When reading The Singing Masons several years ago I enjoyed the beekeeping material and thought it nicely intertwined with the mystery, which concerns the grisly death of a handsome, socially ambitious  philanderer in the rural English borough of Clevely.  Inspector Knollis of the Yard is called in to assist local man Inspector Wilson, who finds Knollis too cerebral and dispassionate about this nasty case, where human malice stings like, well, bees:

Italian honeybee at work
"It's a most interesting case, Wilson.  Fascinating, in fact!"

"You make it sound horrible," grumbled Wilson, "almost as if we're doing you a good turn!  Murders arranged to meet the convenience of investigators.  Hangings arranged at the shortest notice.  Quotations by return of post.  Apply Police Headquarters, Victoria Street, Clevely.  Bah!"

"In a job like ours we have to concentrate on the purely intellectual aspects of a case, Wilson.  If we paused too often to consider the emotional side we'd go mad.  Don't mistake my enthusiasm.  It's entirely intellectual.  Somewhere in this district is a person with brains to use them.  It's going to be a battle of wits--and it isn't going to be an easy case!"

Marlowe at work (Why so serious?)
It is indeed a hard case, involving Croftsian alibis and movements.  To help readers along a map is provided (and who doesn't love that in a vintage mystery).  One alibi hinges partly on the person having attended a showing of Robert Montgomery's film adaptation of Raymond Chandler's The Lady in the Lake!  But all the clues don't come out of the Croftsian bag of tricks, and there's a clever solution indeed, as well as an unexpectedly hard-hitting conclusion.

The Singing Masons
is one of my favorite Francis Vivian mysteries.  Dare I say it's a honey?  I am glad to be able to announce that it and all the Inspector Knollis will soon be back in print, courtesy of Dean Street Press.  More on this soon!  I'll also have some additional detail on Masons.


  1. Sounds like an author I'd really enjoy and I'm glad to hear that Dean Street Press will be reissuing them. Really I am. It's just that I cannot keep up with what I want to read now and here you are tempting me with even more largesse. Woe is me and bring'em on. I'll go down swinging.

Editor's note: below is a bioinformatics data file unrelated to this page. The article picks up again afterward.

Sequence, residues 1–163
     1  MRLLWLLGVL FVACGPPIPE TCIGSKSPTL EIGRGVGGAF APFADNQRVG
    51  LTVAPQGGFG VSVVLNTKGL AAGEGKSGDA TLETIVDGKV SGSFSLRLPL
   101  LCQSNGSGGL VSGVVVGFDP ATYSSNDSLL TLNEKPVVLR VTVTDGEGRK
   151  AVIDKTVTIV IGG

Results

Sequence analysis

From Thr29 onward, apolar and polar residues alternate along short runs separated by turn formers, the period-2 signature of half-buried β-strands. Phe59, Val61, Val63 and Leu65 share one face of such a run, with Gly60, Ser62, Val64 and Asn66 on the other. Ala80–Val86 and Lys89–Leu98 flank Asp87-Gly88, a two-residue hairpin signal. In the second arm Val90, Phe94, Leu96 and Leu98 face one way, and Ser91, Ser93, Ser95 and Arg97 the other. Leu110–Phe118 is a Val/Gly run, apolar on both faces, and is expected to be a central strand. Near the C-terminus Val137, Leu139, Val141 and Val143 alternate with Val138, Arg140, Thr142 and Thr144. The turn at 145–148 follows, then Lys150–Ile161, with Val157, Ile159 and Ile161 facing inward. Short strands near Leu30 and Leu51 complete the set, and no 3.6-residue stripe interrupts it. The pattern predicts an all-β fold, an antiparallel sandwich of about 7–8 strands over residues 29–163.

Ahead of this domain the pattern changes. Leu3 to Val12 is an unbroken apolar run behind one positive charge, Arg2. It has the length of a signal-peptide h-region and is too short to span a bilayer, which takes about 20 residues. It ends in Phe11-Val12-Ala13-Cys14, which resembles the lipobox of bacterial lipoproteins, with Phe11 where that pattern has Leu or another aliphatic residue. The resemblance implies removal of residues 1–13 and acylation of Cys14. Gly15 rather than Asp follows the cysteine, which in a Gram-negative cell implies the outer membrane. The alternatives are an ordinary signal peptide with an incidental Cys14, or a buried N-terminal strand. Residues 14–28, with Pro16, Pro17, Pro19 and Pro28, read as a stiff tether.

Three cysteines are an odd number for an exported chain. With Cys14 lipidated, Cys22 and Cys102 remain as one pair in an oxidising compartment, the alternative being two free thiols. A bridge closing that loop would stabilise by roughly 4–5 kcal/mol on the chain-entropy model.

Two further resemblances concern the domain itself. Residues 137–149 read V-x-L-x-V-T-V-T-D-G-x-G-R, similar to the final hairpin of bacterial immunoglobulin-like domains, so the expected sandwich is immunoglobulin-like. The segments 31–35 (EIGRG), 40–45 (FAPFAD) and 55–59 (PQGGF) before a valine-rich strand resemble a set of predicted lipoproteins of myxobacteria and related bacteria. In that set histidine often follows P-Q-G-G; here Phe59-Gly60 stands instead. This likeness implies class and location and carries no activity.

1. I live to bankrupt! (Is that a deliberate quotation of the Tom Petty song?)

    2. Well, at least you're fully aware of what you've wrought on us all. That's something, I suppose. ;)

      I'm looking forward to working my way through this series and The Singing Masons sounds like an interesting detective story.

    3. I hope you like them, I'm going to get some more up on him soon. Can't go wrong with bees in a mystery! ;)

  2. Which book is the one laden with black magic? I'll read that one first. Never heard of this guy nor come across any of his books. Sounds like the kind of eccentric writer that I would enjoy.

    1. The most black magical ones are non-series, but I hope those will be reprinted! We shall see how these do.

    2. Ah well, here's hoping. I read the blurbs of the Insp. Knollis books on the Book Depository website and couldn't see any that hinted at occult incidents in the plot. But I did find a few that appealed to me. You made the writer sound so intriguing and so I went hunting for cheap vintage copies. Also I'm too impatient to wait two full months for them to be released. I now have a copy of THE THREEFOLD CORD and soon will have DARKLING DEATH. I'll read both quickly and have essays ready to post in October the very day that Dean Street releases the first Francis Vivian reprint.

    3. For the black magic check out Dark Moon and Black Alibi, I think--those are the ones I don't have! His prewar books are very rare.